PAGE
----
In 2012 short-form video sharing platform Vine was founded in the now social media golden age. Vine was a platform that allowed users to create 6-second videos and created many online personalities such as David Dobrik, Shawn Mendes and Liza Koshy. The platform at the time, was ushering in a new era of social media content creation and soon became one of the most popular mobile apps, sitting alongside Instagram and Twitter. When Vine announced in 2016 that it would no longer be in operation a few months later they left a gap in the social media market. While lip-syncing video sharing platform Musical.ly had launched in 2016, its content seemed weak in comparison to the comedy videos Vine was producing before its untimely death. In 2018, Musical.ly showed the ultimate power of a rebrand and was transformed into the app that has now become the centre of modern meme culture, TikTok. There comes a time when one realises that even if they had downloaded TikTok out of curiosity or to be ironic, their intended irony was forgotten with every swipe and they were no longer mocking the TikTok community but rather, becoming active users in it. The rise of social media influencers is somewhat reminiscent of the American Dream and the rise of TikTokers is no different. In an analogy of a Marxist reading of TikTok writer Alice Soprunova notes that if social media popularity were the new American Dream, it is one driven by the chasing of clout-capital. In a previous Bubblegum article I explained the intricacies of clout-economy and so now looking at TikTok, it is easy to see how the platform is the epitome of the clout economy and our cover stars are among the richest of them all.
With over a million followers each Witney, Mpho and Sphokuhle reign over the platform each creating a variety of content across the app. The trio began creating content in 2019 and it was TikTok that brought them together, turning them into collaborators and now best friends. Spending the day with them, they all expressed how accessible TikTok is and how it had allowed them to blow up online in ways in which other platforms could not. In relation to TikTok, other platforms such as Instagram were perpetuating the marginalisation of groups such as Black femmes creating an online environment where the platforms most popular creators were white due to their access to wealth and how this projects an ‘influencer approved’ lifestyle. A lifestyle only accessible to the worlds 1%. Speaking on the apps accessibly Sphokuhle expressed:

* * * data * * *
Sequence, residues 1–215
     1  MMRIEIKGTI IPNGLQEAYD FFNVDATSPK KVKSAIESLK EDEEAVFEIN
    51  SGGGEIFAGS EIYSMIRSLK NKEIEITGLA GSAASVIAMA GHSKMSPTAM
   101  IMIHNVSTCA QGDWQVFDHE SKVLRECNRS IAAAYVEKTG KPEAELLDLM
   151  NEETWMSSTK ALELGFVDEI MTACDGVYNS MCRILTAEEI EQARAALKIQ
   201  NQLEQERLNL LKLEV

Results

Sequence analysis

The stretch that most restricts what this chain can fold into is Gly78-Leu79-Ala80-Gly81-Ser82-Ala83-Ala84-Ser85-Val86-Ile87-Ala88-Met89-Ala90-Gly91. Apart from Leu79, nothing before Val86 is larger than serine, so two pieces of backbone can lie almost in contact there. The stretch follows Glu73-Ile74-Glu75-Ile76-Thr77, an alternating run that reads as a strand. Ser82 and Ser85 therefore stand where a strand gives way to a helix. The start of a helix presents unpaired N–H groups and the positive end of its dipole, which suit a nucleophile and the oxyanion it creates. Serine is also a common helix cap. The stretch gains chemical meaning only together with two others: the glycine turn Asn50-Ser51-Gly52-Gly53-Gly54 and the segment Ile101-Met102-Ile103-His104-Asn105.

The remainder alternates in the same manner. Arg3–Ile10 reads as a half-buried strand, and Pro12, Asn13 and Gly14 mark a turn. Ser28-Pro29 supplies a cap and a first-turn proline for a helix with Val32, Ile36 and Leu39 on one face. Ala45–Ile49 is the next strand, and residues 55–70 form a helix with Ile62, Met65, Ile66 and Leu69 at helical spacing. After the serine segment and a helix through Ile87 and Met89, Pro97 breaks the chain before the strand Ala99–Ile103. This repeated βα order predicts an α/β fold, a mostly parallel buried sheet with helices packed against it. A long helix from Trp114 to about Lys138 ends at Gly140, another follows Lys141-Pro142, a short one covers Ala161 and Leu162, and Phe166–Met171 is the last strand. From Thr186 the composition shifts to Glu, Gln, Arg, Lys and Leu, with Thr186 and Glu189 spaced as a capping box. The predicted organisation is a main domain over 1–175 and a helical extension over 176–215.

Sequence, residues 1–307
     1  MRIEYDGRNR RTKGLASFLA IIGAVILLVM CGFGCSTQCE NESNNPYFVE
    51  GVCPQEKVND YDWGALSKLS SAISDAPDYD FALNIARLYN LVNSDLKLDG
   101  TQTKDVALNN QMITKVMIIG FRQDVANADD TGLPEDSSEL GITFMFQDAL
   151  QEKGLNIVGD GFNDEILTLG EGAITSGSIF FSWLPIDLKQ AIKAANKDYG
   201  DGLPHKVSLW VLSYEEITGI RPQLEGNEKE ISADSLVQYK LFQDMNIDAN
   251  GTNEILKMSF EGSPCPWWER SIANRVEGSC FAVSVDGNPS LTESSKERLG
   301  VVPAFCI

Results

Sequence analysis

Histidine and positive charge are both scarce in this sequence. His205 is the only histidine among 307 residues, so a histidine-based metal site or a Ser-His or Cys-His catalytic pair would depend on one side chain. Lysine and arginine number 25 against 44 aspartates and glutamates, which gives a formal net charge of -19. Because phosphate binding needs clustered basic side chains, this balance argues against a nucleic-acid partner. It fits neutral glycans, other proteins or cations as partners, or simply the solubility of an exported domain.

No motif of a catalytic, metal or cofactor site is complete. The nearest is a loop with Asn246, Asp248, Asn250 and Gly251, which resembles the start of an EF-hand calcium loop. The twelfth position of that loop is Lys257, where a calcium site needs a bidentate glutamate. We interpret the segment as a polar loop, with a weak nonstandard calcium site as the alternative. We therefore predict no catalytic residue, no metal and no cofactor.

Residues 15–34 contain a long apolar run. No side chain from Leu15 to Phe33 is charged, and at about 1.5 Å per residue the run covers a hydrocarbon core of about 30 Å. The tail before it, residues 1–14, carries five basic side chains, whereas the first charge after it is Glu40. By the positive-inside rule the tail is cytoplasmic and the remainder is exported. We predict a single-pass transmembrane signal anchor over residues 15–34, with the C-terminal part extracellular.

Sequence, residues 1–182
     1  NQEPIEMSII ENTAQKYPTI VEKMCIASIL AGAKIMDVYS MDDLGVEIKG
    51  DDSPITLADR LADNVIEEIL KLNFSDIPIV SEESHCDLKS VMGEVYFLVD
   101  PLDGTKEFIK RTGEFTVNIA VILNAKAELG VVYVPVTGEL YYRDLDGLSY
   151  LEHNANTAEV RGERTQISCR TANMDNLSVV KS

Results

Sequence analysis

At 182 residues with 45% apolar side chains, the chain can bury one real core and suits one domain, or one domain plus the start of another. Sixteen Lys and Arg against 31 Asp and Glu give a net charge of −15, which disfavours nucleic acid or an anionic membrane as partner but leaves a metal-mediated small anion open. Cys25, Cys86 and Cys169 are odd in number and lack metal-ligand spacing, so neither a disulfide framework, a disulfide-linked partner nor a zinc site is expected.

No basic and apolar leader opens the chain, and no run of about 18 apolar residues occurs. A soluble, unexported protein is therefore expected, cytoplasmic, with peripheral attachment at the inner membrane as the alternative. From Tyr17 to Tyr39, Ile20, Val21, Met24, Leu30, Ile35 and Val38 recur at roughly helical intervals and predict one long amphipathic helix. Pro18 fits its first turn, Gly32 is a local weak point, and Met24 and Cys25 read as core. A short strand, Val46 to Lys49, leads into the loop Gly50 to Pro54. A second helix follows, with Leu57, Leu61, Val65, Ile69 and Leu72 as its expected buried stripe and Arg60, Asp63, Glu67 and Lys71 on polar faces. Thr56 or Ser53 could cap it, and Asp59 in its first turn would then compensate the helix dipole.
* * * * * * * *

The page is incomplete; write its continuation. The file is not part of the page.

Instagram is very different from TikTok. On Instagram you have to have a lot of followers to get likes or for your content to be seen, you have to have a certain body type, a certain lifestyle you know, all those kinds of things. Whereas on TikTok you literally just need your phone and the app. Let’s say for example you have 700 followers on Instagram, your post is most likely going to get less than 500 likes because only your followers can see what you post. On TikTok if you have 700 followers and you post something creative and something very interesting it’s going to blow up and maybe reach a million views. When my first video blew up I only had 30k followers on TikTok and my video reached 1.5 million views. I think TikTok needs you to be creative, to have a personality, to be funny in order for you to blow up.
Speaking to the trio I was made aware of how important they found authenticity when creating content, it is because of this authenticity that people are drawn to them. Authenticity is something that is championed on the app and perhaps the reason it has become the most downloaded app of 2021, so far. Are we finally moving past the need for perfectly curated social media profiles? The only curation that happens on TikTok is the curation of ones ‘for you page’ (home page). Unlike Instagram, TikTok shows you content from creators even if users don’t follow them allowing ones ‘for you page’ to provide users with content that is expertly tailored to their likes and interests. As users engage with TikTok content their for you page is fine-tuned, this fine-tuning is something Mpho has got down to a tee as she explains: